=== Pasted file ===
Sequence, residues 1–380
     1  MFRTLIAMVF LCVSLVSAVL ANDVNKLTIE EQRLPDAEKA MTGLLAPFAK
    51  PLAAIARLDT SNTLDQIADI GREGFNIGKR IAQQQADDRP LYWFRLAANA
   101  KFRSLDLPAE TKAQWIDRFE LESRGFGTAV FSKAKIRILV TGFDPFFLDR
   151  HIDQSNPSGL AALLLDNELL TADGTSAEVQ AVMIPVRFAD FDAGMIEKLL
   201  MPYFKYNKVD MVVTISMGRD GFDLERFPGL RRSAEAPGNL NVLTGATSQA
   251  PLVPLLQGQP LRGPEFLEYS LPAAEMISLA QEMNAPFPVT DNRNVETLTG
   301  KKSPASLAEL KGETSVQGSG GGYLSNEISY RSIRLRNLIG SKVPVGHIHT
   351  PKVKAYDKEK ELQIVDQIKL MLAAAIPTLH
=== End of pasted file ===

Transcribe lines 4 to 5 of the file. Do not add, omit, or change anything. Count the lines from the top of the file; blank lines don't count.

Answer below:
   101  KFRSLDLPAE TKAQWIDRFE LESRGFGTAV FSKAKIRILV TGFDPFFLDR
   151  HIDQSNPSGL AALLLDNELL TADGTSAEVQ AVMIPVRFAD FDAGMIEKLL